Two of Major League Baseball’s most popular elder statesmen, Ichiro Suzuki and Bartolo Colon, may have played their last big league game. Suzuki certainly has, having announced his retirement following an emotional sendoff with the Mariners in the season-opening series against the Athletics in Tokyo. Colon has said he hopes to continue his career but has seemingly not received an offer, as he remains unsigned.
Baseball’s youth movement will continue to push down the average age of a big leaguer, but there are still several graybeards throughout the game, led by baseball’s all-time leader in imaginary arrows fired: Fernando Rodney. Rodney was the only player in all of baseball who opened the season on a big league roster at 40 or older. Here’s a look at the game’s oldest players as the league-wide Opening Day (* = on the Major League injured or restricted list):
- Fernando Rodney, RHP, Athletics (born 3/18/77)
- Albert Pujols, DH/1B, Angels (1/16/80)
- Rich Hill, LHP, Dodgers (3/11/80)*
- Erik Kratz, C, Giants (6/15/80)
- Nelson Cruz, DH/OF, Twins (7/1/80)
- CC Sabathia, LHP, Yankees (7/21/80)*
- Pat Neshek, RHP, Phillies (9/4/80)
- Curtis Granderson, OF, Marlins (3/16/81)
- Ben Zobrist, 2B/OF, Cubs (5/26/81)
- Oliver Perez, LHP, Indians (8/15/81)
Rodney is leading the charge and still brings a mid-90s heater to the table. The A’s were comfortable exercising an option that guarantees him $5.25MM this season, so if he can turn in another season of solid, albeit characteristically anxiety-inducing relief work, this may not be his final Opening Day. Sabathia is the only lock on this list to retire after the 2019 season. Several of the entrants, in fact, are controlled beyond the 2019 season. Pujols remains under contract through 2021. Cruz, Neshek and Perez each have options for the 2020 season. Kratz will be 39 on June 15 but will still be arbitration-eligible next offseason.
Hill is still a quality starter on the heels of his late-career breakout, and if he can turn in a reasonably healthy year, he should have interest in free agency (assuming he wants to continue pitching). The Grandy Man is among the game’s most revered clubhouse presences and was a solid bat against righties in 2018. Zobrist had a strong showing in his age-37 campaign last year.
On the flip-side of the coin is Toronto’s Rule 5 pick, righty Elvis Luciano. The 19-year-old hadn’t yet seen his second birthday when Pujols and Sabathia began their MLB careers. He’s a bit of an odd man out on a list that is otherwise comprised of elite prospects (or formerly elite prospects who’ve already become stars), but he holds the distinction of starting the season as the game’s most babyfaced talent. Here are baseball’s youngest players as of yesterday…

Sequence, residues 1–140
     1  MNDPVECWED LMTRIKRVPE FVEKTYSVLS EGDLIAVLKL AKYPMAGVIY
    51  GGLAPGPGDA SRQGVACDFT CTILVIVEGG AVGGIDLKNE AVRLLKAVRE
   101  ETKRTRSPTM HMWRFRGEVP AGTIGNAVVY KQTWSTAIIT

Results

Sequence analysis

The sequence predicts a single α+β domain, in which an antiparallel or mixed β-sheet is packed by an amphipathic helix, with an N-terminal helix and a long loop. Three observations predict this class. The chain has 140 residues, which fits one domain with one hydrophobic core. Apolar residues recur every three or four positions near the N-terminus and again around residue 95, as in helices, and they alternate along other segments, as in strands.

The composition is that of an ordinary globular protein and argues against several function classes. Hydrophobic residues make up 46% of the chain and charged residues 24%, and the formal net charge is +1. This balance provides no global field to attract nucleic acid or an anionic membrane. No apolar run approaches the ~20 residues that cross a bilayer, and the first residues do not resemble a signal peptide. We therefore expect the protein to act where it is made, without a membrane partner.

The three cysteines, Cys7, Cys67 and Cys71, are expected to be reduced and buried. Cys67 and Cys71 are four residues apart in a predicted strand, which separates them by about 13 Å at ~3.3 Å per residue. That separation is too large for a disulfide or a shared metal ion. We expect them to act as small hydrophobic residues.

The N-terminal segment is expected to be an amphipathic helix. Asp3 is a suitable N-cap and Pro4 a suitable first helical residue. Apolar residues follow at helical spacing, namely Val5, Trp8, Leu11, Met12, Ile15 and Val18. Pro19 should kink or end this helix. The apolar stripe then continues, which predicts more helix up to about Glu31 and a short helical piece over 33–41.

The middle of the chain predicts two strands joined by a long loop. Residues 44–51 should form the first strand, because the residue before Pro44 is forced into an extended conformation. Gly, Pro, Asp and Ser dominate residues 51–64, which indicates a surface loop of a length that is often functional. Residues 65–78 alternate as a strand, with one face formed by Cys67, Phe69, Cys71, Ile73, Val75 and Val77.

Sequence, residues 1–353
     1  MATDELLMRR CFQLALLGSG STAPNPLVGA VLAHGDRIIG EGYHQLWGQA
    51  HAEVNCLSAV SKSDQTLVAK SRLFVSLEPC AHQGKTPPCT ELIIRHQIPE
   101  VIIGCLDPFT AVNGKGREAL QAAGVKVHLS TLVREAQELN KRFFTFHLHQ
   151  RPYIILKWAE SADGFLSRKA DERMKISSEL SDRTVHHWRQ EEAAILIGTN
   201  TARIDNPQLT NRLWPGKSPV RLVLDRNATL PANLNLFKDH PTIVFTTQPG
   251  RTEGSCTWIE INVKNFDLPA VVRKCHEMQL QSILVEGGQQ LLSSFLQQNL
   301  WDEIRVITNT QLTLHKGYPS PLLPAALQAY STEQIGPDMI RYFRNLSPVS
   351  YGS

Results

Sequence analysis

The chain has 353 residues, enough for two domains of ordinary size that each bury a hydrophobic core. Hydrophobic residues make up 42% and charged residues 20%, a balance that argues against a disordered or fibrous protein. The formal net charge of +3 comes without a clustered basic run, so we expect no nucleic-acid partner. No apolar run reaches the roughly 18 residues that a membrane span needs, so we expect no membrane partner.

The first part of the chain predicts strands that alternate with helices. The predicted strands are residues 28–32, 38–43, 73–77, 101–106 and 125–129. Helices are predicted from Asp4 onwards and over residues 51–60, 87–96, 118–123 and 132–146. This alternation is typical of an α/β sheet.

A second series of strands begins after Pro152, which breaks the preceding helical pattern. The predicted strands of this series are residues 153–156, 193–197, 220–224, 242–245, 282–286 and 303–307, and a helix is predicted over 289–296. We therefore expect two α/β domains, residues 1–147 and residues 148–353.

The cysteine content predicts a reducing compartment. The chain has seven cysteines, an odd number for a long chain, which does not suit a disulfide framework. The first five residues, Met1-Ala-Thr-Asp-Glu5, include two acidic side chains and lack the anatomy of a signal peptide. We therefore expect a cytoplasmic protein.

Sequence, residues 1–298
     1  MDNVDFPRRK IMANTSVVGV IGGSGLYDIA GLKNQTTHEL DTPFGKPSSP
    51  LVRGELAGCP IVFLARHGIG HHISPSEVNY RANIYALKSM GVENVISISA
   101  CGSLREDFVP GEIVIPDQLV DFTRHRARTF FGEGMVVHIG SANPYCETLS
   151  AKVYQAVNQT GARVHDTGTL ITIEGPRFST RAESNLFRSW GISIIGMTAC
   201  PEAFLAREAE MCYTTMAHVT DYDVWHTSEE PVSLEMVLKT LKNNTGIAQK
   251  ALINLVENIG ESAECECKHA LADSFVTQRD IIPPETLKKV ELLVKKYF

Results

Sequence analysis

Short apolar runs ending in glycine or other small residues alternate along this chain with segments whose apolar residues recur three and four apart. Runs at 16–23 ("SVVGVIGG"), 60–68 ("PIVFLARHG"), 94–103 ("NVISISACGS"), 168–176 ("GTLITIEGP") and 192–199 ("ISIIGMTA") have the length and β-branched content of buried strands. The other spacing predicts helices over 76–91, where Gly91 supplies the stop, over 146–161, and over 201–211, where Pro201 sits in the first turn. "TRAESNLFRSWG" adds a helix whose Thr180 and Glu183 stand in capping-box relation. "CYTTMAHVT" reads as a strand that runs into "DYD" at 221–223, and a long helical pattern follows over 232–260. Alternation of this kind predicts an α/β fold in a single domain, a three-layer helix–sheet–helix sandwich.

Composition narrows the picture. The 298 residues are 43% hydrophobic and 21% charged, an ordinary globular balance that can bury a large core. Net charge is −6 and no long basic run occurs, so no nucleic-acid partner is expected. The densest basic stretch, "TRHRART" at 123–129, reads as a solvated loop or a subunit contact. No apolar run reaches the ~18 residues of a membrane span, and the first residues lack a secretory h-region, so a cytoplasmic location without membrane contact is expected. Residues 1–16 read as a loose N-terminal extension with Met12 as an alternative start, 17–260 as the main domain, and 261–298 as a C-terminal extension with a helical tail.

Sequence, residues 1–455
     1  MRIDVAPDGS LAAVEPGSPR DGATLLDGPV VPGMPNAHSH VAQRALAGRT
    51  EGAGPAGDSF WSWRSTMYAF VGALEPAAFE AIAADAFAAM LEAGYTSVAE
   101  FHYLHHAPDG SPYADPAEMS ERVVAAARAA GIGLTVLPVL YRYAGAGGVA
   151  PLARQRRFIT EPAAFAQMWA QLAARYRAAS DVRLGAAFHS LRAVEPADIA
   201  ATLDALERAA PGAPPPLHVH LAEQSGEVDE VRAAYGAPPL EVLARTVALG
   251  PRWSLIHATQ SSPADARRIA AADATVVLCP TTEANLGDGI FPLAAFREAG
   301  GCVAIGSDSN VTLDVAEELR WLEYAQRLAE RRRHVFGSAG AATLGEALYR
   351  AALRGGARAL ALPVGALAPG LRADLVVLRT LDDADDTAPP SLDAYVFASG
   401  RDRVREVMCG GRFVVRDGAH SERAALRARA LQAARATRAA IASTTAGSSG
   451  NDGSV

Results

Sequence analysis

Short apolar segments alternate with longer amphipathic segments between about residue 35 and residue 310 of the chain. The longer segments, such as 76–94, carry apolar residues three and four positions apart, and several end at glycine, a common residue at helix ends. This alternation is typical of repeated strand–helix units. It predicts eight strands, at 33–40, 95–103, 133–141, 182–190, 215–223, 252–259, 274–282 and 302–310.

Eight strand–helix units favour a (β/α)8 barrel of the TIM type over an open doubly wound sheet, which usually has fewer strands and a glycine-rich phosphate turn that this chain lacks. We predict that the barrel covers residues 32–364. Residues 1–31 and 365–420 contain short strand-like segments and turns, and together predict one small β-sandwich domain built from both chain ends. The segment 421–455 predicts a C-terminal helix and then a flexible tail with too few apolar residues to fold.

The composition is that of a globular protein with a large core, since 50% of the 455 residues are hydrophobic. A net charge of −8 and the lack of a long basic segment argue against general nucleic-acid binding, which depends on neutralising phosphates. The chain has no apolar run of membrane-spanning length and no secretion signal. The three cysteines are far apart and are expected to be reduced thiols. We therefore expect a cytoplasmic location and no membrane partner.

- Elvis Luciano, RHP, Blue Jays (born 2/15/00)
- Fernando Tatis Jr., SS, Padres (1/2/99)
- Juan Soto, OF, Nationals (10/25/98)
- Bryse Wilson, RHP, Braves (12/20/97)
- Ronald Acuna Jr., OF, Braves (12/18/97)
- Victor Robles, OF, Nationals (5/19/97)
- Ozzie Albies, 2B, Braves (1/7/97)
- Gleyber Torres, 2B/SS, Yankees (12/13/96)
- Eloy Jimenez, OF, White Sox (11/27/96)
- Rafael Devers, 3B, Red Sox (10/24/96)
Despite their youth, more than half of those 10 players have already completed a full big league season. As one would expect with a group this young but with some notable MLB experience, three of the 10 played significant roles in 2018 Rookie of the Year voting; Acuna took home NL honors in that category ahead of runner-up Soto. Torres finished third in American League voting.
The Braves’ three entrants on this list are a testament to the waves of young talent emerging in Atlanta that should help the organization stay competitive for years to come. The Nationals, likewise, will hope that Soto and Robles comprise two-thirds of their outfield for more than half a decade. San Diego made the bold decision to call Tatis Jr. up to the Majors from Opening Day at a time when teams are famously making a habit of holding potential stars in the Majors for a few weeks to buy an extra year of service (as Atlanta did with Acuna a year ago). The White Sox looked primed to take that approach with Jimenez before ultimately signing him to a record-setting extension and bringing him to the Majors for Opening Day.